Re: On-line help questions

Subject: Re: On-line help questions
From: "Susan W. Gallagher" <sgallagher -at- STARBASECORP -dot- COM>
Date: Wed, 24 May 1995 11:31:49 -0700

Amanda Taylor writes...

> 1. Does anyone have any software recommendations for Windows Help?
> RoboHelp? Doc-to-Help? Forehelp? I'm working on a PowerMac 7100.

The three tools you mentioned are all good and all have their
uses. Save Doc-to-Help for when you're trying to single-source
paper and online documentation.

Use RoboHelp if you'll be lost without the editing capabilities
of Word, if you want to learn about the structure of online
help documents, if you want to take shortcuts in editing
repeptitive elements, and if you're looking for an easy way
to link in context sensitive panels.

Use ForeHelp if you're not looking for wizzbang editing (it
has limited style capabilities, cut 'n' paste, limited search
and replace, etc.), if you want to be shielded from the document
structure, if you'd rather do things the easy way than the quick

> 2. Does anyone know of any seminars/classes that would be helpful
> for learning on-line help software and/or the basics of writing
> on-line help?

I have no recommendations here.

> 3. How about any books that will help me with the basics of writing
> on-line help?

William Horton's book for theory. Otherwise Idunno about books.

Subscribe to the Winhelp Journal for ongoing articles about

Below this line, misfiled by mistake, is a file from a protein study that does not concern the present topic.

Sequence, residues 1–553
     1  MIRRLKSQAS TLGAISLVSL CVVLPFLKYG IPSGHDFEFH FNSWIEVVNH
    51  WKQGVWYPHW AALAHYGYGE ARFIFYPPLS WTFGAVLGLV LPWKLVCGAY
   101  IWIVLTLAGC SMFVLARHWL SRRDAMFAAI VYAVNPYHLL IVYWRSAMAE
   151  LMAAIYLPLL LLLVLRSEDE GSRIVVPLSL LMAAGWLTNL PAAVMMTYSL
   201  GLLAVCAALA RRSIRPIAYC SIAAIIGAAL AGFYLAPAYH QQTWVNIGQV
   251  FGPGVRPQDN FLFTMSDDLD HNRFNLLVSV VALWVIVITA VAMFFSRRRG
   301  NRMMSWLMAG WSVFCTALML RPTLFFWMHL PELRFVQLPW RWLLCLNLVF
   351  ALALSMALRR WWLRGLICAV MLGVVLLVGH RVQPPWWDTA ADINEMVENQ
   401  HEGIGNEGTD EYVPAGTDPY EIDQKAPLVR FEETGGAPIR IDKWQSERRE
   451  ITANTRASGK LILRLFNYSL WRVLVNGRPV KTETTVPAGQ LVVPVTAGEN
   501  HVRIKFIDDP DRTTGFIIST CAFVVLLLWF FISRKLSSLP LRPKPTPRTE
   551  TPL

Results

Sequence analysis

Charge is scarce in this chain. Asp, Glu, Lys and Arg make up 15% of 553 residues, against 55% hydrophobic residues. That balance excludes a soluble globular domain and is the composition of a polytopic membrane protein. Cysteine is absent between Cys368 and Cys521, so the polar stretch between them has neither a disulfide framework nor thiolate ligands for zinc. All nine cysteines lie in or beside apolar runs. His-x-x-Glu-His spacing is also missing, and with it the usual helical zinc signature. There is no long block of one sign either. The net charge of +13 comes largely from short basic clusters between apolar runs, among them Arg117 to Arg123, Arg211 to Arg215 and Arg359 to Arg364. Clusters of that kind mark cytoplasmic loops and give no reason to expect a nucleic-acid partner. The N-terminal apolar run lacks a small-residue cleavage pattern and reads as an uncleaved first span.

creating Windows help.

Subscribe to the Winhelp-l list on the internet for help
specific conversations.

Mostly, books will give you support but doing it will build your

Shameless plug ahead ;-)
Contact Liz Smith at the SD Supercomputer Center (this year's
STC Newsletter Editor) for a reprint of the article I published
in March on organizing and planning for Windows help.
End of shameless plug ;-)

> 4. Are there any *Supreme* "Do's and Don't's" that I should be aware
> of when writing on-line help?

Answer only one question per topic. If the information you
have doesn't relate to the question being answered, put it

Be clear and concise. Don't get wordy. And keep topics as
short as possible.

Use simple formatting. Avoid italics like the plague. Indent
in tenths of inches rather than quarters or halfs. Reduce
line spacing between paragraphs, too. White space is whiter

Limit your use of color in text -- it can be distracting.
And using colored text usually leads to the urge to hard
code background and text colors. Bad idea -- users
(rightfully) prefer to control their own environment.

Using colored icons OTOH to mark information (like a
dialog box for context sensitive stuff, something
else for procedural topics) helps the user identify
the kind of information presented.

Avoid the urge to link everything to everything else. Keep
the link path clear and logical. Let the users arrive at a
point where they know they've seen all the information on
a subject.

Keep hyperlinks all in one place rather than sprinkling them
throughout the text (e.g. at the end of a topic in a 'see
also' section or as a popup from a button on the non-scrolling
region). This encourages the reader to finish the whole topic
before jumping off into hyperspace.

Resist the urge to create long topics of conceptual info.
They're a waste of disk space. Nobody will read them.

One last bit of advice -- use online help. Access the help
file for all of the programs you use. Notice what information
*you* are looking for and whether you found your answer or not.
Your best tutor will be the critic in you.

Hope this helps. Feel free to contact me off-list if you
have any specific questions.

Sue Gallagher
StarBase Corp, Irvine CA
sgallagher -at- starbasecorp -dot- com

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